Applying for Medicaid Without an Attorney Can Cost You a Bundle

Updated March 20, 2024.

Dispelling three myths about qualifying for Medicaid

By: Robin Folts, Esq., Partner, and Chair of the Elder Law Department at Lacy Katzen LLP

After my many years as an elder law attorney, I could write a book on the critical economic mistakes clients make when placing a loved one in a nursing home. One of the most significant of these mistakes, especially when there are assets owned by a loved one, is not using an elder law attorney to represent them right from the start.

Many nursing homes, hospitals, and other non-attorney companies will offer to assist you or your family in applying for Medicaid for your family member for “free.” Remember the old adage, nothing good in life is free? Where there are assets to protect, “free” can cost you a bundle. Nursing home and hospital financial case managers, and other non-attorneys can apply for Medicaid for an individual, but only with that individual’s or his representative’s permission. Do not offer permission without legal advice first.

The following three myths are the most common misconceptions I have heard when it comes to qualifying for Medicaid:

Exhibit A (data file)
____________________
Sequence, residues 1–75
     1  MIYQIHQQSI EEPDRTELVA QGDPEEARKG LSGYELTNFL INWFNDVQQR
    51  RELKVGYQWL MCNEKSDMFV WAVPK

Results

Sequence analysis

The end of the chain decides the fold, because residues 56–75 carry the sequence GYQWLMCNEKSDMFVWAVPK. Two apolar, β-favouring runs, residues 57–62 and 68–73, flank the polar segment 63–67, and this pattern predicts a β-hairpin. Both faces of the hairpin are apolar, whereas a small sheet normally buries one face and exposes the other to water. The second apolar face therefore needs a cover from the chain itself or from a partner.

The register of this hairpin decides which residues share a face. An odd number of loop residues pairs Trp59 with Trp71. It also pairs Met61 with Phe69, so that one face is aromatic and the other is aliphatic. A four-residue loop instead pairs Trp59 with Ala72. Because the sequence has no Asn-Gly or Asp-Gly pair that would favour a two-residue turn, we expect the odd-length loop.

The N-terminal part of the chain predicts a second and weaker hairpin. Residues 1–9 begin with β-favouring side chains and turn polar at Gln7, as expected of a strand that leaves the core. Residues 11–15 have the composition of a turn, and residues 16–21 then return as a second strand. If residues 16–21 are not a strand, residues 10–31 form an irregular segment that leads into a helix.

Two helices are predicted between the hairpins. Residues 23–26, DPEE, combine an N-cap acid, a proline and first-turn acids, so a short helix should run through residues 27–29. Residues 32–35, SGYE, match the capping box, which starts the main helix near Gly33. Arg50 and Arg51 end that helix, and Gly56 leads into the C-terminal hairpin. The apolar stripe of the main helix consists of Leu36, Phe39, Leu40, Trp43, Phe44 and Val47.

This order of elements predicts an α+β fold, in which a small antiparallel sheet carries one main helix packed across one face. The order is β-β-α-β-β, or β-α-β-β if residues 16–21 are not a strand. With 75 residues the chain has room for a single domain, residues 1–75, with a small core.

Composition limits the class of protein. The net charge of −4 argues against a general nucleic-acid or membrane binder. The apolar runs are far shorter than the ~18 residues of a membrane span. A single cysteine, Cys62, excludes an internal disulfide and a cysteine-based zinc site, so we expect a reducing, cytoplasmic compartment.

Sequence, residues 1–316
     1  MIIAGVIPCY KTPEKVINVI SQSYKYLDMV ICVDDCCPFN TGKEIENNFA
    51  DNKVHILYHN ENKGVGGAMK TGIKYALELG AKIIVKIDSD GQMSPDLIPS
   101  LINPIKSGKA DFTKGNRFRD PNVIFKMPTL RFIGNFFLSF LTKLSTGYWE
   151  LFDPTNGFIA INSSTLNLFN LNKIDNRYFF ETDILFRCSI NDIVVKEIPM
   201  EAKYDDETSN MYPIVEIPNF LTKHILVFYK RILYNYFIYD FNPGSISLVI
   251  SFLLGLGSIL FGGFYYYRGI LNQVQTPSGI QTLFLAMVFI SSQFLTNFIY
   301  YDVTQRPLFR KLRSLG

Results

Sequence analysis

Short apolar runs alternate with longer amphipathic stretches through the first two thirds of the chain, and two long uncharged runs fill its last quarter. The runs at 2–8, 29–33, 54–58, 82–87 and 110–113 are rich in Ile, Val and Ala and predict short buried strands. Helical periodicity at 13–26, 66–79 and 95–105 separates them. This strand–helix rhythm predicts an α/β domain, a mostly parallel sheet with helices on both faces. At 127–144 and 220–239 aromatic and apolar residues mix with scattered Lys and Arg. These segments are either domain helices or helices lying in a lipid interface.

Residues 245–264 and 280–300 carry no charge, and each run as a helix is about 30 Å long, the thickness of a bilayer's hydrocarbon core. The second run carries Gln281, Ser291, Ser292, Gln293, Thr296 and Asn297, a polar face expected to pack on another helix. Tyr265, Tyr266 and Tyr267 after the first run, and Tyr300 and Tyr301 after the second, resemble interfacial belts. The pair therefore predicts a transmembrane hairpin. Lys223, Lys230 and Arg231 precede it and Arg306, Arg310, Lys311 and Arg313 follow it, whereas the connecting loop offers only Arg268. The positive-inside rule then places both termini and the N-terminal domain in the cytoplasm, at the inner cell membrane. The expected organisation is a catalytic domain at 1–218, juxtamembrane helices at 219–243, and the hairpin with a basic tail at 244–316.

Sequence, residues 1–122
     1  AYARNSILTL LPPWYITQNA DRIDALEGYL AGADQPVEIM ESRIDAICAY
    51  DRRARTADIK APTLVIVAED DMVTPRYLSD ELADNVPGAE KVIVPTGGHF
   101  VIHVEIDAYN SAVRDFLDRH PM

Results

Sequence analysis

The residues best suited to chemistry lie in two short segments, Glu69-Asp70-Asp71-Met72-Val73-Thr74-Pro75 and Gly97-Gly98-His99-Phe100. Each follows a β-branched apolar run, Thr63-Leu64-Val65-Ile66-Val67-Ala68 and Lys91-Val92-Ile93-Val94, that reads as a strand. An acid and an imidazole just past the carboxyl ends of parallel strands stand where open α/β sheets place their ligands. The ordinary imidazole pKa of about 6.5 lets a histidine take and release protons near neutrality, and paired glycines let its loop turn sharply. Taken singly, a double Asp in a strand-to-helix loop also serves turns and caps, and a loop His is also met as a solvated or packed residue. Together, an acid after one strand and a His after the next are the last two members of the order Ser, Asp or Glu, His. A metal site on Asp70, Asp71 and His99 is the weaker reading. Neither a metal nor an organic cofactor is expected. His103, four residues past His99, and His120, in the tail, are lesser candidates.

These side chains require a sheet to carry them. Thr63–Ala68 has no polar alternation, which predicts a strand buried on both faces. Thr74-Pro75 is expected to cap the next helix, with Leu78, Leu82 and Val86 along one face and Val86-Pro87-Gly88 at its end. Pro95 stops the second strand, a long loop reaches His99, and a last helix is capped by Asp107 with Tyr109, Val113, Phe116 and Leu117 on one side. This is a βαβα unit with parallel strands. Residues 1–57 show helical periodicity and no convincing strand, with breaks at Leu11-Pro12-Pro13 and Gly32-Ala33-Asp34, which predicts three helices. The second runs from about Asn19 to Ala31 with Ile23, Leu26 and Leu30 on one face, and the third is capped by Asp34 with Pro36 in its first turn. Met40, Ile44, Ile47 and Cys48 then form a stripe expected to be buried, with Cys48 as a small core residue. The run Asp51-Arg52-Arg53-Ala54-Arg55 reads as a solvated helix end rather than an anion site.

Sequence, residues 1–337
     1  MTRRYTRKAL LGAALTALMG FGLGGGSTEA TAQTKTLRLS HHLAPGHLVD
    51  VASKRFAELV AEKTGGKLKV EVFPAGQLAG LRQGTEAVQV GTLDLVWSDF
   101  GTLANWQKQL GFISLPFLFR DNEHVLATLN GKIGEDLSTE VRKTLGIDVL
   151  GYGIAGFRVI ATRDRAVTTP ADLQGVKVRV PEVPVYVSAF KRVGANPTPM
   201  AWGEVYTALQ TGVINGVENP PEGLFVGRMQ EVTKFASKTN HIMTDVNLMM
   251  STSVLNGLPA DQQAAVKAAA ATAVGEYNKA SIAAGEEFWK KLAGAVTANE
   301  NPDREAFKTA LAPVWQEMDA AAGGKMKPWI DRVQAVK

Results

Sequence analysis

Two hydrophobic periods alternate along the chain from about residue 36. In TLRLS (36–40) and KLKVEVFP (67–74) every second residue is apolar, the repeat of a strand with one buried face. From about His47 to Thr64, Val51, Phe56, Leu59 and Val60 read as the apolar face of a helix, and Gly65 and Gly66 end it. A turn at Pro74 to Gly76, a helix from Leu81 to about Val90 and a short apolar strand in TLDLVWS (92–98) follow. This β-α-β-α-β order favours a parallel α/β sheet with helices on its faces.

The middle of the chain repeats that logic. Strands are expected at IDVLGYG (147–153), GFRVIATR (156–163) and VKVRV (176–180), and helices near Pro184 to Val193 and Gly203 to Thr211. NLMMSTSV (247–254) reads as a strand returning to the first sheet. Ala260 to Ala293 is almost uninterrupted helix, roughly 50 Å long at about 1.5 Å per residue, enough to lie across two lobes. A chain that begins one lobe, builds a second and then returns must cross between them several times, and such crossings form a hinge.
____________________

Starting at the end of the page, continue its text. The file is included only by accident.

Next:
Myth number one: Your loved one requires Medicaid BEFORE entering a nursing home. No, there are a handful of nursing homes that I know of in Western New York that will tell you Medicaid must be in place before it will admit your loved one into its facility if he/she does not have private funds to pay the facility (at a rate of somewhere between $11,000 to $22,000 per month!). However, that is not true for other nursing homes, especially when working with an experienced elder law attorney. Facilities determine, in part, whether or not to accept individuals based on how you complete a financial form supplied by the hospital’s social worker.

Social workers in area hospitals can be aggressive because they want to discharge individuals from the hospital to free up beds. They may even tell you, “Get me that financial form right away!” However, rushing to complete the financial form without legal advice could be a costly mistake. The financial form (along with clinical information) is necessary for nursing homes to assess: